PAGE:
A government agency may provide the tools required for an employee to work from home, including a computer, a virtual private network or Remote Desktop Protocol for encrypted communication, and anti-virus/anti-malware solutions. But ensuring those tools remain secure is everyone’s responsibility.
Security is not a one-sided effort — efforts at home complement and enhance those of the organization as a whole. What are the steps that employees working remotely should take? Here are the ABCs (and the DEFs) to follow for maximum security.
Audits, Continuous Updates and Password Security Aid in Protection
Audit: The more applications being used (on a laptop, smartphone or tablet), the bigger the attack surface. The first thing to do is audit: Take a look at all those apps that are rarely (if ever) used, and remove them. This decreases a hacker’s ability to take over a device or steal credentials. It’s especially important for mobile devices, where some apps have excessive permissions that can increase vulnerability.
Baseline Security: Malicious actors always look for easy ways to attack remote workers; for example, through spam or malware delivered via email. Install and activate all baseline security solutions for all devices. This includes anti-spam, anti-malware and anti-virus. Check to be certain applications are configured for automatic updates.
If a device does not use a VPN, equip it with one. This will protect any data it sends and receives. A VPN creates a secure tunnel between a home office and a government network or internet site, preventing criminals from watching any online activity. This is especially relevant when accessing sites that contain sensitive information, such as online banking or brokerage sites. Cisco Firepower VPN, for instance, can help protect all private information.
Continuous Updating: Hackers are vigilant when it comes to learning about vulnerabilities in applications, browsers and operating systems, and they quickly exploit those vulnerabilities. Update devices with the latest patches for everything. Don’t ignore notifications for new versions or assume it will be done later — do it now.
Installing the latest updates will help patch recently detected security flaws and provide new capabilities. It’s especially important to update mobile devices, where notifications can be less obvious. Check all apps periodically, and install the latest updates to ensure the strongest protection.
Percentage of people who regularly update their applications
Source: Google, Online Security Survey, February 2019
Difficult-to-Guess Passwords: Attackers try to find credentials they can use to gain access to sensitive information. While passwords for government systems might be long, complex and hard to guess, that’s often not the case with personal social media accounts and frequently visited websites. Even worse, many people reuse the same passwords. A 2019 survey by Google found that 65 percent of people use the same password for multiple or all accounts. Hackers who discover one password may gain free access to many apps, including banking or healthcare.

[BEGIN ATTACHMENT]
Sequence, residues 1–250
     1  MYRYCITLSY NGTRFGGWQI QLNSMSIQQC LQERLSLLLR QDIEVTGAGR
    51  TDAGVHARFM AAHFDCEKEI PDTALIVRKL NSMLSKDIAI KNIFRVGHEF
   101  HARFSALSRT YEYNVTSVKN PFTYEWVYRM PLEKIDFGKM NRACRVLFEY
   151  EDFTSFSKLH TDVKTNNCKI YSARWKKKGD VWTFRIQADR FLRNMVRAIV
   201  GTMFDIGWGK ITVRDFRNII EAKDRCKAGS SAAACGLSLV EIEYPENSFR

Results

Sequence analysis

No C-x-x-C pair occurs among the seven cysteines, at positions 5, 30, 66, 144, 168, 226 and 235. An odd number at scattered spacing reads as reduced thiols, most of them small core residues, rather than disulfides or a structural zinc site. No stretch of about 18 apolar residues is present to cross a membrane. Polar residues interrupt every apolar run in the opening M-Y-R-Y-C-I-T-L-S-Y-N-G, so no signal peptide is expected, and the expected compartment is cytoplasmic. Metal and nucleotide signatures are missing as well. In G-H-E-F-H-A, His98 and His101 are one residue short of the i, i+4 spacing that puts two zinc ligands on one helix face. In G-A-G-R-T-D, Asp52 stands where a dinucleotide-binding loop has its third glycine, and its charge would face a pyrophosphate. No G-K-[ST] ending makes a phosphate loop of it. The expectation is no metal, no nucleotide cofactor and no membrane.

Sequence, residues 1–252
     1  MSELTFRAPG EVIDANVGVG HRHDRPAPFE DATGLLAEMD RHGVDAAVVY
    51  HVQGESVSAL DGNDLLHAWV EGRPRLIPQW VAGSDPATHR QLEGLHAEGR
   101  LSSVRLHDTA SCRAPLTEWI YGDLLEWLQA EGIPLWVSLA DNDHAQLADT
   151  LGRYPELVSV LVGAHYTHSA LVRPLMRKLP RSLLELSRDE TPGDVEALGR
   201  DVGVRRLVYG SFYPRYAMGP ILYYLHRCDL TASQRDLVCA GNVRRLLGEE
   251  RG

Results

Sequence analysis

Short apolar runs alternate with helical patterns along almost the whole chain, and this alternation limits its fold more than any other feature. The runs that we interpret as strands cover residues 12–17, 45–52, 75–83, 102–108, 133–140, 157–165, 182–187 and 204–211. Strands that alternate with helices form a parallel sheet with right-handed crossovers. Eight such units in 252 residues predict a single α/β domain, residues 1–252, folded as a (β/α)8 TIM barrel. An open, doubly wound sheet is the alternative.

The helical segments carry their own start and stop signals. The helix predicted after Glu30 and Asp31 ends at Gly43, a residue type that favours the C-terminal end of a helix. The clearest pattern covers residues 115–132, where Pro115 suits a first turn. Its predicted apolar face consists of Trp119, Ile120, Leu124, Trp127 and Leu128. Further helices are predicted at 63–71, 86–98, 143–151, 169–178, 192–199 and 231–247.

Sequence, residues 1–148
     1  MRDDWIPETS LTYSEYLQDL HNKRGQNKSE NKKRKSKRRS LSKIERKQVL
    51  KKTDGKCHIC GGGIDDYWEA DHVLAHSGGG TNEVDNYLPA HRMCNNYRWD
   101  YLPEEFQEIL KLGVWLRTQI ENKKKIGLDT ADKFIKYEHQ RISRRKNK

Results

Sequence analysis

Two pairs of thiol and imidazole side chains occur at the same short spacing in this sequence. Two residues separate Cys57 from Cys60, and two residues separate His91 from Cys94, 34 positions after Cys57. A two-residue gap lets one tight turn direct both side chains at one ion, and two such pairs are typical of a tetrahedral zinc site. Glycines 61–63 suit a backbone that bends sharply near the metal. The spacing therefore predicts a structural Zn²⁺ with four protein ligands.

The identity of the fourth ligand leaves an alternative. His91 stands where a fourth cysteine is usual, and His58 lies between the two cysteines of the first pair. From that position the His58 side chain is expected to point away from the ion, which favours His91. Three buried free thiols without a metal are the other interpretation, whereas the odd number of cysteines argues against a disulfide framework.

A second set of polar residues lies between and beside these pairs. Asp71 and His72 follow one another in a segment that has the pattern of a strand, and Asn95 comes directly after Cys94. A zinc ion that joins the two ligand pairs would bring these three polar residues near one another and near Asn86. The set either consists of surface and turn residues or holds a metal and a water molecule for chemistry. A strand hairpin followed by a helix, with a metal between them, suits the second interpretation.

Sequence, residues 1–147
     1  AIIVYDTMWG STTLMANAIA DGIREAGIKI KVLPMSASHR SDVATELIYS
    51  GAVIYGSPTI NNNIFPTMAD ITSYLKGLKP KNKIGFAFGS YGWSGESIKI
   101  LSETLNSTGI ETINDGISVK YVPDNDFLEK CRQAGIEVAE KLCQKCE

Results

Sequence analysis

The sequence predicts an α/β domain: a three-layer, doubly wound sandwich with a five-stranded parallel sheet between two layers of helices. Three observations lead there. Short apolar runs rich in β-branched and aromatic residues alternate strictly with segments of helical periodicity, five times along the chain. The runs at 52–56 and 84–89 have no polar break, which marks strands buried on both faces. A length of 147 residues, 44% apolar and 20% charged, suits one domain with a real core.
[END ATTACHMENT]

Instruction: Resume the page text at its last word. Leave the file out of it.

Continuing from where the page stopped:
Change any duplicate passwords, and then look to multifactor authentication to increase security. Take advantage of any MFA security measure offered by a healthcare or financial services site, in particular. This will entail an additional verification step when logging in — generally a one-time password sent via text to a mobile phone.
For other accounts, install an MFA solution such as Cisco Duo or RSA SecurID, which can be implemented as software. Don’t forget to check the router, which probably came configured with a long, complicated password. Revisit the password if it was changed to something simpler. (Read a product spotlight on RSA SecurID SID700.)
Embrace Anti-Phishing Tools, and Caution
Evade Phishing: Some agencies require employees to take security awareness training, such as SANS EndUser Training, often with phishing simulation exercises to help spot phishing emails. Don’t get comfortable when working remotely. Be on the lookout for phishing emails and social engineering attacks. Don’t click links in emails or open attachments — even if the email looks like it came from an official agency.
Double check: If anything looks suspicious, call or send a separate email to the person who supposedly sent the email or inform the IT department. Caution can pay off big-time, especially today with the multitude of coronavirus-themed emails that phish for credentials. A moment’s hesitation could save an organization from malware or ransomware.
Fear Is a Friend: Fear can benefit a teleworker — and the agency. Remember the quote from Catch-22: “Just because you’re paranoid doesn’t mean they aren’t after you.”
This is especially pertinent today, when incessantly creative hackers try to access agency networks via teleworkers. They try to implant malware on devices to steal credentials and gain access to organizational data with lures to a website that looks legitimate but in fact is malicious. Mimicking a well-known website, a bogus site instead downloads malware by design.
Be vigilant, and always take a minute to double-check the details. Right-click a link to see its true destination. Don’t click through if it doesn’t match the purported destination.
Olga_Z/Getty Images (texture); RapidEye/Getty Images (mouse trap); alexey_boldin/Getty Images (laptop); cyano66/Getty Images (other devices)